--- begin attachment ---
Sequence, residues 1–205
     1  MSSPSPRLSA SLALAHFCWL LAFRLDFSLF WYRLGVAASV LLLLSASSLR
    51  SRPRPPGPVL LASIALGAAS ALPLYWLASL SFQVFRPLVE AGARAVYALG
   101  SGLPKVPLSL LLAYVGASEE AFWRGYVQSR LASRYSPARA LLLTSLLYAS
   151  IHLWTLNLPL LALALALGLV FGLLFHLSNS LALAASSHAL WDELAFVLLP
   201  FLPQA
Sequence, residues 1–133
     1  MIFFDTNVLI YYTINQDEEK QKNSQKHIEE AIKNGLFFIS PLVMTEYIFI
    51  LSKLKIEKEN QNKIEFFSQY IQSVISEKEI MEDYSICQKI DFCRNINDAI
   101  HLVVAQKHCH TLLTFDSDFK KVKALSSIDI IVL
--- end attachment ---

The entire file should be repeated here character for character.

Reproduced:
Sequence, residues 1–205
     1  MSSPSPRLSA SLALAHFCWL LAFRLDFSLF WYRLGVAASV LLLLSASSLR
    51  SRPRPPGPVL LASIALGAAS ALPLYWLASL SFQVFRPLVE AGARAVYALG
   101  SGLPKVPLSL LLAYVGASEE AFWRGYVQSR LASRYSPARA LLLTSLLYAS
   151  IHLWTLNLPL LALALALGLV FGLLFHLSNS LALAASSHAL WDELAFVLLP
   201  FLPQA
Sequence, residues 1–133
     1  MIFFDTNVLI YYTINQDEEK QKNSQKHIEE AIKNGLFFIS PLVMTEYIFI
    51  LSKLKIEKEN QNKIEFFSQY IQSVISEKEI MEDYSICQKI DFCRNINDAI
   101  HLVVAQKHCH TLLTFDSDFK KVKALSSIDI IVL